HEIDELBERG, Germany — For nearly three decades, this German city has been the unlikely spot for what’s thought to be the only annual international celebration of the life and work of Martin Luther King Jr.
Every year, to mark the assassinated American civil rights leader’s birthday, hundreds of people have gathered in late January in the Providence Church on the Hauptstrasse to hear speeches by preachers and professors, listen to gospel choirs and afterward eat appetizers at a reception. Every year, the event has been attended by city luminaries, African students, German ministers and U.S. Army sergeants. A few years ago, the sergeant major of U.S. Army Garrison Heidelberg performed an interpretive dance as part of the program, and a choir from the garrison always sang.
Often, the program showed surprising links between post-war German theologians and the American civil rights movement. And its speakers, focused not only on the popular “I Have a Dream” speech era of King, but also how his difficult, dangerous work ushered in a new, post-Jim Crow era in the South, expanded freedoms for all Americans, criticized capitalism for abandoning the poor and demanded withdrawal from Vietnam.
In 2007, German theologian Henrich Grosse, who has translated much of King’s work and spent time doing civil rights work in segregated Mississippi, discussed the later years of King’s life before he was assassinated in Memphis in 1968. By then King had become one of the country’s most prominent opponents of American militarism.
The next year, the keynote speaker was a former King intimate, the Rev. Harcourt Klinefelter, a Mennonite minister who was with King’s Southern Christian Leadership Conference in the mid-1960s. Klinefelter, whose job was to edit King’s sermons and speeches for radio, talked about King’s global impact and personally about King as a man. “He treated the garbage collector in the same way he treated the mayor,” Klinefelter said at the time.
In 2009, after the election of Barack Obama as the first African-American U.S. president, the event was especially celebratory. But by then, the co-sponsor of the event, the Rhein-Neckar branch of the National Association for the Advancement of Colored People was the only remaining functioning chapter of the NAACP in Europe, down from 21 in the 1980s.
The next year, membership in the group was down to 50 or so.
This year’s commemoration — the 27th — may be the last of its kind. U.S. Army Europe, along with its soldiers will be gone from Heidelberg this summer. Without them, the Rhein-Neckar branch may cease to exist.
“We’ve been told by National that you can only have a branch where there’s U.S. military,” said Malcolm Carpenter, a branch spokesman and Defense Department retiree.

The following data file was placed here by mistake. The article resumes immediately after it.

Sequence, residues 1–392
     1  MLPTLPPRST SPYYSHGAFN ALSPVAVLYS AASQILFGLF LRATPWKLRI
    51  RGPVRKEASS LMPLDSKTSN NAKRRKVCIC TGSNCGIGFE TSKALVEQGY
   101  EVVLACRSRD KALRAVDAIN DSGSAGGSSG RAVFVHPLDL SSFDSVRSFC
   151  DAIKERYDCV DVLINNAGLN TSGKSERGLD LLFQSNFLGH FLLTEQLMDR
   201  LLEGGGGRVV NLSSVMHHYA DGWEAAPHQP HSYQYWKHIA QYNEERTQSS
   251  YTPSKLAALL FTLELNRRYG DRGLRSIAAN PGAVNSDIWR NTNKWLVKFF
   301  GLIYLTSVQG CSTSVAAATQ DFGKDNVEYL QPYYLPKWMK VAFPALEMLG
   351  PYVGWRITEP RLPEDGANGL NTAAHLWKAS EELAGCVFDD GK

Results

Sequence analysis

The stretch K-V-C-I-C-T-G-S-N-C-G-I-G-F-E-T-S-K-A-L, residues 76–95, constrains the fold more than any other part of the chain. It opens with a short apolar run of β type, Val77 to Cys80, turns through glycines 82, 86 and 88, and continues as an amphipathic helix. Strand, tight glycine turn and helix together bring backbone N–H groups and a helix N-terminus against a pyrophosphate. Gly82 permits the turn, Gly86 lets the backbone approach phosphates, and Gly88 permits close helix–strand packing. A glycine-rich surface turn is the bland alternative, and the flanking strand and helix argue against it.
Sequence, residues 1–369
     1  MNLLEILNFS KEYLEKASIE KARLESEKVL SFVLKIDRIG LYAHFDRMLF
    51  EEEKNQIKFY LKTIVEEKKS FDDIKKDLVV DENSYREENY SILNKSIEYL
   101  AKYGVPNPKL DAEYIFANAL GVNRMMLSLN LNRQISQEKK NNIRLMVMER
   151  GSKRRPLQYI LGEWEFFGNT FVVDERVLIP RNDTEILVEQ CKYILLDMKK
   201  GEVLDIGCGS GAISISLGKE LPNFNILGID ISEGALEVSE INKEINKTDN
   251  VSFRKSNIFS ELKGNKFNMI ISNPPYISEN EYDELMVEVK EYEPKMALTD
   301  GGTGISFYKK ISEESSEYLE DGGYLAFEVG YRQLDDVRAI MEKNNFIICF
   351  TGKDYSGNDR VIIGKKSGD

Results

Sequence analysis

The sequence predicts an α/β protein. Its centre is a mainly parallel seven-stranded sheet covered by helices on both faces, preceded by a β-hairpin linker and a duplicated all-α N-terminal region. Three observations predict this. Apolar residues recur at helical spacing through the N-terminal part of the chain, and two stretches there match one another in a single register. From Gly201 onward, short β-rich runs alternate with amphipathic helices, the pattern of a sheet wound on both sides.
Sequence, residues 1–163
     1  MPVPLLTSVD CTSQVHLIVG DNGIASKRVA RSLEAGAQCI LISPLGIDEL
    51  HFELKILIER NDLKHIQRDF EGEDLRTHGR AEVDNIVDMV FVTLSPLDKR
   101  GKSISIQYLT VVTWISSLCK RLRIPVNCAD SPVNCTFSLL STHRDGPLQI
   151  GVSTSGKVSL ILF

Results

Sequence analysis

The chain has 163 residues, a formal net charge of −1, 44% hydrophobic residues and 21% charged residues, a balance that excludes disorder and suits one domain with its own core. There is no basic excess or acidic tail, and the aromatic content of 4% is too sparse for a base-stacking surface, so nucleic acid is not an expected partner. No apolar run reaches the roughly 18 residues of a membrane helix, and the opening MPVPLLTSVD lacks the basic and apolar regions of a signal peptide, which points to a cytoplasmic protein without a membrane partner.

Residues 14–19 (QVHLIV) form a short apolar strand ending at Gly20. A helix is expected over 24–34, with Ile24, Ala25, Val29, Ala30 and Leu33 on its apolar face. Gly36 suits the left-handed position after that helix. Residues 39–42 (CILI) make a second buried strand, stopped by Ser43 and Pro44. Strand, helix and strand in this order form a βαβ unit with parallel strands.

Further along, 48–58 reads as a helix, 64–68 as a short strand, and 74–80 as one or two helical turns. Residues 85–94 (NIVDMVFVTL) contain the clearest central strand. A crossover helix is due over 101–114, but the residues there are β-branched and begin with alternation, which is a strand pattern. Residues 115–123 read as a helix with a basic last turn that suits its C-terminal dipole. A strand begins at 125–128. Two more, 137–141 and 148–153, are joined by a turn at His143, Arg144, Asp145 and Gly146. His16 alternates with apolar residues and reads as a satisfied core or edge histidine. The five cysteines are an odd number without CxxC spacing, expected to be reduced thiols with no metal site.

Dr. Meryl Ann “Billee” Manigault, branch first vice president, said she is seeking answers from the national NAACP organization as to whether there were some way around the policy. “We want to continue the NAACP here,” she said.
In the meantime, the group has tried to start branches at remaining Army bases in such cities as Stuttgart and Wiesbaden. “I’ve written a couple of letters to Wiesbaden, but as of now, no one has really answered,” she said. “Right now we’re kind of in limbo.”
“I don’t think this is going to be our last MLK Jr. commemoration,’’ Manigault said. “But I think we’ll be doing it a different way.”
This year’s Martin Luther King Jr. event is planned to be similar to previous ones, kicked off, in German fashion, with a discussion. A panel discussion on King’s legacy begins at 7 p.m. Friday at DAI, the German-American Institute, Sofienstrasse 12, which is a co-sponsor of the event.
The main part of the program begins at 6 p.m. Saturday at Providence Church, Hauptstrasse 90a.
This year’s speakers include Professor Dr. Michael Haspel, director of the Evangelical Academy of Thuringia and Harriet Hunter-Boykin, assistant superintendent of Defense Department schools in the North Carolina district.
Hunter-Boykin, who holds a doctorate in education, was formerly a school administrator in Heidelberg. She said she planned to discuss how King is remembered, his prophetic role, his leadership style and “our desire and duty to continue the dream.”
Event organizers had previously enlisted gospel choirs from either Mark Twain Village or Patrick Henry Village, the Heidelberg Army’s two churches. This year, as the garrison empties, those choirs are gone.
“We went to Stuttgart,” Carpenter said. “They said they’d be glad to come.”